She sings to the plants.  After a few weeks, Mrs. Belle’s garden attracts butterflies and birds.  Green shimmery hummingbirds buzz their wings, two Chaste trees bloom white and purple, fat rabbits run through blueberry bushes, sparrows sit on tree branches, and the fruit trees produce sweet purple figs, juicy tangerines, lemons and crisp red apples.

Mrs. Belle asks the neighbors if they could help take down the fence around her yard.  Would they be alright with a “no-fence” policy?  That Sunday, three neighbors gather at her yard and take down the fence.  Their kids run around picking fruit off the trees and adding fresh green parsley to the pot luck baked beans, and mint leaves to the lemonade their mothers make with Mrs. Belle’s lemons.

The next Sunday, the yard spills over with people, kids and dogs.  Laughter echoes between homes and kids cluster in line waiting for Mrs. Belle to offer them a magic blessing with her wand.  She dresses in the silk kimono and crown, reading fantastic fortunes from small palms.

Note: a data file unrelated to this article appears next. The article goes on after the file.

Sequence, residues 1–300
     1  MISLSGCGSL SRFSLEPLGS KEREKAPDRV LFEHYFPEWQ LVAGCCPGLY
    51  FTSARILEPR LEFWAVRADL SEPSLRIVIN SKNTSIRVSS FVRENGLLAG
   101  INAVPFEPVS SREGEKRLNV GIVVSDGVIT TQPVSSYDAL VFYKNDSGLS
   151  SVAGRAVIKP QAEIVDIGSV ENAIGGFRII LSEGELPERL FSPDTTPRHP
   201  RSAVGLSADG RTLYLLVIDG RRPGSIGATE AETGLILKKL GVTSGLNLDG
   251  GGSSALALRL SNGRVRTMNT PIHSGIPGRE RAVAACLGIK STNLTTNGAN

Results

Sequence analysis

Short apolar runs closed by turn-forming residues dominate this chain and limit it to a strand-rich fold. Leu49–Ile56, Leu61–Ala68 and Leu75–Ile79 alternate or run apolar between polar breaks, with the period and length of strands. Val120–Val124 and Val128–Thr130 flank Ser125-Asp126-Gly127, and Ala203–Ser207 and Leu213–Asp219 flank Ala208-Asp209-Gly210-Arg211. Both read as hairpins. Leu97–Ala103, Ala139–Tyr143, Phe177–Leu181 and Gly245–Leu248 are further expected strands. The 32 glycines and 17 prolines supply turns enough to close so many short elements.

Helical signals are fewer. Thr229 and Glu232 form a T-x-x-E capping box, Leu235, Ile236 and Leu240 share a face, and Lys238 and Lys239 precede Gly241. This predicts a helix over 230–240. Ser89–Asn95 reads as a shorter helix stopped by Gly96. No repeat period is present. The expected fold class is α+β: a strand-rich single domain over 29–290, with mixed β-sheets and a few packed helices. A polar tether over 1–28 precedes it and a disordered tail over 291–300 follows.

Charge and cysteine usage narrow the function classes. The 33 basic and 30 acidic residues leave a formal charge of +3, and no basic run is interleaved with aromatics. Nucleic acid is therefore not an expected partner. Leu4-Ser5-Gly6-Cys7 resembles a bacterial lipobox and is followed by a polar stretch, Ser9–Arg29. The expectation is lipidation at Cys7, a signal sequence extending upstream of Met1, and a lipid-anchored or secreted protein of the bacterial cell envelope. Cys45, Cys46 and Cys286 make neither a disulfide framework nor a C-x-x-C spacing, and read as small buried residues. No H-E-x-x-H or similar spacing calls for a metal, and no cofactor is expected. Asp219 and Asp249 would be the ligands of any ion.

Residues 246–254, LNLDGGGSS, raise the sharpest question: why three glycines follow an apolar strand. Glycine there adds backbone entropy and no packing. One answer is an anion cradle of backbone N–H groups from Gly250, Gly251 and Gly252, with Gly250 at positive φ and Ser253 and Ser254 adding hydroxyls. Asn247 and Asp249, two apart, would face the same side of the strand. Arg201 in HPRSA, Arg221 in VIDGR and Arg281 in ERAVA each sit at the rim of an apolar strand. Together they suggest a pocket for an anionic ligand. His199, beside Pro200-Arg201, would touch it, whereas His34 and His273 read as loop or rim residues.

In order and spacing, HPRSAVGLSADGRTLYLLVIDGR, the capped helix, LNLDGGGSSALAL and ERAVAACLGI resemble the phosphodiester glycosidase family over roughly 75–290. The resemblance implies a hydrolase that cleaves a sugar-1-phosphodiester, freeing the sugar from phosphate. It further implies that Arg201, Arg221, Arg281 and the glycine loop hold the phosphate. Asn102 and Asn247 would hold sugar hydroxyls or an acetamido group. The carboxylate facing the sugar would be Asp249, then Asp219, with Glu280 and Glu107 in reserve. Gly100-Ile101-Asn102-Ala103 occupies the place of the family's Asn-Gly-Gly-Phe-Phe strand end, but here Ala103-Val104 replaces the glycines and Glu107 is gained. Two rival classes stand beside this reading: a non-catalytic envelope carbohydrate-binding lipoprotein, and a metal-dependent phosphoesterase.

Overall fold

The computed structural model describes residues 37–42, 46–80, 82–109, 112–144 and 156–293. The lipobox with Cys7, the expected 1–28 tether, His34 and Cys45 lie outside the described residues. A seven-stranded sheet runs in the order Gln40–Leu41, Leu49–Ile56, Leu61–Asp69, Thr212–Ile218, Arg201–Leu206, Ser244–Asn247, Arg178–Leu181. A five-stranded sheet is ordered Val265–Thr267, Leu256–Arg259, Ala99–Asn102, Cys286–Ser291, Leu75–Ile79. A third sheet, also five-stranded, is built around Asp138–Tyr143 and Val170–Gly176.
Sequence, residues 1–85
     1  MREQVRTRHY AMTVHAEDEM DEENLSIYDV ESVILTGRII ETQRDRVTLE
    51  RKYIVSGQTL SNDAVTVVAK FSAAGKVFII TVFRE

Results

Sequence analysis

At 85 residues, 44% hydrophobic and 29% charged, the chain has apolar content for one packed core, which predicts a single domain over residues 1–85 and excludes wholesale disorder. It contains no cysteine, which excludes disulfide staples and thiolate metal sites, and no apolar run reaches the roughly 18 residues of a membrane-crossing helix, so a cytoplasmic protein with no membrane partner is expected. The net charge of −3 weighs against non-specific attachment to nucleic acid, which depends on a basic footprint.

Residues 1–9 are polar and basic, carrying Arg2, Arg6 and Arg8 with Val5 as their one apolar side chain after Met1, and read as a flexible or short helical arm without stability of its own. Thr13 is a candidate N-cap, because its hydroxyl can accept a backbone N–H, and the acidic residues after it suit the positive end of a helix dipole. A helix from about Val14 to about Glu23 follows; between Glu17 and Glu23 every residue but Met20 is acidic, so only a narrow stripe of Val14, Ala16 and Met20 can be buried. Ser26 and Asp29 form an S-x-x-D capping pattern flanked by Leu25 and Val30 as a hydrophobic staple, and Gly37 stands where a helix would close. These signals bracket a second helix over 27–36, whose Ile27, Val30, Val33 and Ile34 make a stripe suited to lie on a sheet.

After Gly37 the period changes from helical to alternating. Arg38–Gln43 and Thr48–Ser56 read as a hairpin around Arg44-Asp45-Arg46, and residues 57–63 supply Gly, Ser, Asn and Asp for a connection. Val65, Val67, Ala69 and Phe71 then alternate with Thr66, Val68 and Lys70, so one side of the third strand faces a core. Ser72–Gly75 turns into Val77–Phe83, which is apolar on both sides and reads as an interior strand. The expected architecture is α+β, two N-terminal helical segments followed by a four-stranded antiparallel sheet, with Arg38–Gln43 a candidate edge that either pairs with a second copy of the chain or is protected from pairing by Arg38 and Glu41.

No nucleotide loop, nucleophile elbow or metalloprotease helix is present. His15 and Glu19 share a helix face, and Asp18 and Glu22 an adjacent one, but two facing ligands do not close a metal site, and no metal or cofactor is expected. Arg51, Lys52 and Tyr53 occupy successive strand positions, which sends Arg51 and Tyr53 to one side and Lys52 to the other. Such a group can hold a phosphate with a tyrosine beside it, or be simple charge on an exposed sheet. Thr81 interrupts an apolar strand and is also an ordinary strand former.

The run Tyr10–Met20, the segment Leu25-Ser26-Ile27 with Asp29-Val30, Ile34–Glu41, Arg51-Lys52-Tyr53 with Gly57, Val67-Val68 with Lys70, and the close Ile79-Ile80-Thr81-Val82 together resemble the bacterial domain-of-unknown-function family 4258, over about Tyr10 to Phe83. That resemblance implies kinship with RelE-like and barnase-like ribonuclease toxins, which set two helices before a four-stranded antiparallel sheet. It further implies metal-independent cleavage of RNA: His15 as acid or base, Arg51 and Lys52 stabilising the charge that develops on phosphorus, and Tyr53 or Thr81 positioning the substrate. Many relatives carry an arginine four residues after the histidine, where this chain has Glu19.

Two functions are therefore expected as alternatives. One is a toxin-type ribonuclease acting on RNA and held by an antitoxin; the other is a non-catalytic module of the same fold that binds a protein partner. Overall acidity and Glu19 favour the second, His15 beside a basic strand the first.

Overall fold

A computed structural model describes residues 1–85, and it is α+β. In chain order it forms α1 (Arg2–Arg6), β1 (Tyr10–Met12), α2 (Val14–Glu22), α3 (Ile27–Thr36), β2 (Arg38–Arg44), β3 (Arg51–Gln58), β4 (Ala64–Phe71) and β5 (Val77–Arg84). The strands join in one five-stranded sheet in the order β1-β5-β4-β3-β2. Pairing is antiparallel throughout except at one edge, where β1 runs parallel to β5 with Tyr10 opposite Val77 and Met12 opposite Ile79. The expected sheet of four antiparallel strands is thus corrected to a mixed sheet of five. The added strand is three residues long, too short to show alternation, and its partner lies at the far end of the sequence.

Each Sunday, the neighbors bring vegetable stews, and apple and fig pies baked from Mrs. Belle’s fruit trees. They gather in her yard, in the streets, in the houses and across the neighborhood, like wintering black and orange monarchs, clinging together to stay warm.






Kaye LindenThe Case of Mrs. Belle’s Creaky Bones and Stiff Brain